Emile Albert Gruppé (1896–1978) was an American painter born in Rochester, New York to Helen and Charles P. Gruppe. He lived the early years of his life in the Netherlands as his father Charles Paul Gruppe, painted with the Hague school of art and acted as a dealer for the Dutch painters in the US. The family returned permanently to the states around 1913 when rumblings of World War I were brewing. All of Emile’s siblings established themselves in the arts.
Emile Gruppe had an artistic career that began in 1915 but was briefly interrupted in 1917, when he spent a year in the United States Navy. He made his permanent studio in Gloucester, Massachusetts and became a member of the Cape Ann school of artists.
Although Emile Gruppe is best known for his variety of impressionistic landscapes, he also painted figures and portraits. Emile Gruppe had a modern style that was largely inherited from the French Impressionist Monet. "Lily Pads," date and location unknown, one of EmileGruppe's landscapes, attests to Monet's influence; it is similar to some of the paintings in Monet's "Water Lily" series.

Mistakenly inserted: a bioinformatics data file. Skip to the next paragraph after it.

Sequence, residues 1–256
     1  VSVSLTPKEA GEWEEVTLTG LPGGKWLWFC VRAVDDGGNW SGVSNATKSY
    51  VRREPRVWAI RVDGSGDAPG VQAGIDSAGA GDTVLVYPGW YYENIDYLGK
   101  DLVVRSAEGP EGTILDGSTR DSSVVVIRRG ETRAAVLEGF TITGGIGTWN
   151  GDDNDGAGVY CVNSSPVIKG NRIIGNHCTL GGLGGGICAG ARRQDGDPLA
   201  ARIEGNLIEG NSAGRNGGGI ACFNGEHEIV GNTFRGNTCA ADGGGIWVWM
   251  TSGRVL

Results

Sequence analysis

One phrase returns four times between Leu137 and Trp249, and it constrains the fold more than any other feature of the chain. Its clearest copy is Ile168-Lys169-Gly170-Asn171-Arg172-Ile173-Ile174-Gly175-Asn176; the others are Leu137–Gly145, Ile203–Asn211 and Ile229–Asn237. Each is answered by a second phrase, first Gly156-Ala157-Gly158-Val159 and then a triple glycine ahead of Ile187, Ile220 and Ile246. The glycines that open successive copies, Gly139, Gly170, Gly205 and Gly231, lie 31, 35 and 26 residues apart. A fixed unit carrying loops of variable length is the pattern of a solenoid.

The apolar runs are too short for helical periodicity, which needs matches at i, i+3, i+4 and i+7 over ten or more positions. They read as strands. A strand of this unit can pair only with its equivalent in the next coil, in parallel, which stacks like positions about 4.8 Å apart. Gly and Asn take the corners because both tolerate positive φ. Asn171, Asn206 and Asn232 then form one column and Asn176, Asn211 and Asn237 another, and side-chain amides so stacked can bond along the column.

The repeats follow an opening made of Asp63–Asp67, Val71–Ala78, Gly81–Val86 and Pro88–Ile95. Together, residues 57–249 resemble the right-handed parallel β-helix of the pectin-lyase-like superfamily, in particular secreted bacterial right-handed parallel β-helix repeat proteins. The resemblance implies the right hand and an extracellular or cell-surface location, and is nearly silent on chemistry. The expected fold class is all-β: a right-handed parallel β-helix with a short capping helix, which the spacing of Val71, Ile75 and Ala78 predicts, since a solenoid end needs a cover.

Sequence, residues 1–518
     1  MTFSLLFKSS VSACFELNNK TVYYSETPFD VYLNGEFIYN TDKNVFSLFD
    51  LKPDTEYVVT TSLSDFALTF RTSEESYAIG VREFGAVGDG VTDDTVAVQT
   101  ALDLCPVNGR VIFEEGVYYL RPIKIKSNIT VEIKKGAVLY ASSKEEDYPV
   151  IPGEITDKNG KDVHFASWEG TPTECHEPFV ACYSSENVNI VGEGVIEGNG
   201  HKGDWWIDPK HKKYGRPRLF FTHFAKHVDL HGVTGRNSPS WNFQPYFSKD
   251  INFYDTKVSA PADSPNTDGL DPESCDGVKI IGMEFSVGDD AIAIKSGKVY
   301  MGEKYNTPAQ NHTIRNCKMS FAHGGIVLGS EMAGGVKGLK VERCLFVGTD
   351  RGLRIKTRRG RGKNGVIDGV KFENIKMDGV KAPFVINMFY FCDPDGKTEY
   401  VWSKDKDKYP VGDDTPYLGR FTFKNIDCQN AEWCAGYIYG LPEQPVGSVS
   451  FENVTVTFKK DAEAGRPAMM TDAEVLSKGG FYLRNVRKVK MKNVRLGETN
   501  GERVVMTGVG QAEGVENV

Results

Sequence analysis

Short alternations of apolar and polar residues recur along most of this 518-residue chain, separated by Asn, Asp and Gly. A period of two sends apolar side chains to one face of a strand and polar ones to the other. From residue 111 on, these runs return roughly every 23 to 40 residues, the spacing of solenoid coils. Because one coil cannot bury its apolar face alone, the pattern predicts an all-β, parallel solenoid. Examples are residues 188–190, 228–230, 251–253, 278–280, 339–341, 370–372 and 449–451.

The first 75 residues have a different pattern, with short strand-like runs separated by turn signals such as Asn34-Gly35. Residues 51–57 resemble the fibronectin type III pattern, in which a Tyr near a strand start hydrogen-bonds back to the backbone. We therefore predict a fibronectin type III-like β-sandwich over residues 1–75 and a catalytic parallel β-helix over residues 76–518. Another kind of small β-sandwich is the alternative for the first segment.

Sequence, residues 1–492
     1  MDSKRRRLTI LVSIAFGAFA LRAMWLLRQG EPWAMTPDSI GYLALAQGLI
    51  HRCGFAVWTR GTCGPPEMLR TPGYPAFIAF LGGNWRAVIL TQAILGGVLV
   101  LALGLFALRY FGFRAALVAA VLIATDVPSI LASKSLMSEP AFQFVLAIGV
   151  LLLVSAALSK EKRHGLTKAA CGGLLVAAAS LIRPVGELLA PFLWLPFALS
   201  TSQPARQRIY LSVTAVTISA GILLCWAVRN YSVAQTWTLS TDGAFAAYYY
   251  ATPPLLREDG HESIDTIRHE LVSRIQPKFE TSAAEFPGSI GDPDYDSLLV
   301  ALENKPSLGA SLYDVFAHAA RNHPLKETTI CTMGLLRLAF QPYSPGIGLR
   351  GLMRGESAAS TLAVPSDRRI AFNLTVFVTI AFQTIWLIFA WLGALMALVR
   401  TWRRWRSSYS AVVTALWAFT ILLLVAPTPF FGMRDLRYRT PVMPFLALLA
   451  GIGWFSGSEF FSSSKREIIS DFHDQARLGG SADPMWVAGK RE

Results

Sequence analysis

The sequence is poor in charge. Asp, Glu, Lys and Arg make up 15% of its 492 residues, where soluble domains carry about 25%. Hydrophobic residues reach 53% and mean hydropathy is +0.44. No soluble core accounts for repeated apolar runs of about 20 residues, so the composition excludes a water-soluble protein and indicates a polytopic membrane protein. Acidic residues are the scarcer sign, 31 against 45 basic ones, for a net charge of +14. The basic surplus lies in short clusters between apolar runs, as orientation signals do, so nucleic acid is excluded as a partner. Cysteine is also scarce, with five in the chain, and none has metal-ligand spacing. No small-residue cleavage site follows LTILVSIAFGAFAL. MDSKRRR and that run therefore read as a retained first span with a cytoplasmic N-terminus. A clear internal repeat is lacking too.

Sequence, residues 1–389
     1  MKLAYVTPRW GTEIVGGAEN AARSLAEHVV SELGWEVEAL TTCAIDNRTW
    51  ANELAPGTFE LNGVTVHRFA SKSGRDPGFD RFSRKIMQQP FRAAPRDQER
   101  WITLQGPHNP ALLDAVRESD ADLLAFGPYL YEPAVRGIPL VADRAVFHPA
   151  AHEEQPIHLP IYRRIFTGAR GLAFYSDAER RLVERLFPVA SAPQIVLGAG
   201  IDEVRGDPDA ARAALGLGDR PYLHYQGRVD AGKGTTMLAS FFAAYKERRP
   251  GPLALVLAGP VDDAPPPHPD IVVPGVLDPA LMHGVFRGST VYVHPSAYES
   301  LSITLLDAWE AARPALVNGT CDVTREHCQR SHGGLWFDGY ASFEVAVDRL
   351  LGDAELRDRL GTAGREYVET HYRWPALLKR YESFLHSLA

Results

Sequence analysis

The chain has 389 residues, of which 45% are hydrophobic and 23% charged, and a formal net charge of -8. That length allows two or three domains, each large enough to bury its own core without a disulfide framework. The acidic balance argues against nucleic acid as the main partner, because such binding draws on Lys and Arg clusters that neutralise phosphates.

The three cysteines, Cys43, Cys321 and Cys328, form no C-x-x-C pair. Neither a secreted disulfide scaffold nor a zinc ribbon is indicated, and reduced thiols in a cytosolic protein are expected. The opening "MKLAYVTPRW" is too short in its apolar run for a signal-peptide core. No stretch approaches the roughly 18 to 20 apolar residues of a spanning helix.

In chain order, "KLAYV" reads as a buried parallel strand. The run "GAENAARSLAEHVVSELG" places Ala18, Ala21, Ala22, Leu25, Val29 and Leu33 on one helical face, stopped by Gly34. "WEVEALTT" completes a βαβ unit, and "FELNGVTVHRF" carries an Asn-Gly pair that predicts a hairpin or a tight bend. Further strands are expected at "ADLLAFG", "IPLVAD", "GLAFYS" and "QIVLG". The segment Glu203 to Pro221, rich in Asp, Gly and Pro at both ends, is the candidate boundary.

You can often see the paintings of Emile Gruppe in major auction galleries, such as Sotheby's, Christies, and Skinners. Auction prices have risen steadily and exceed most Rockport School artists. Gruppe is among the most prominent of Rockport artists, a group that that includes: Anthony Thieme, Marguerite Pierson, Antonio Cirino, W Lester Stevens, and Aldro Hibbard.
Emile Gruppe studied at the National Academy (NYC), and the Grande Chaumiere, Paris.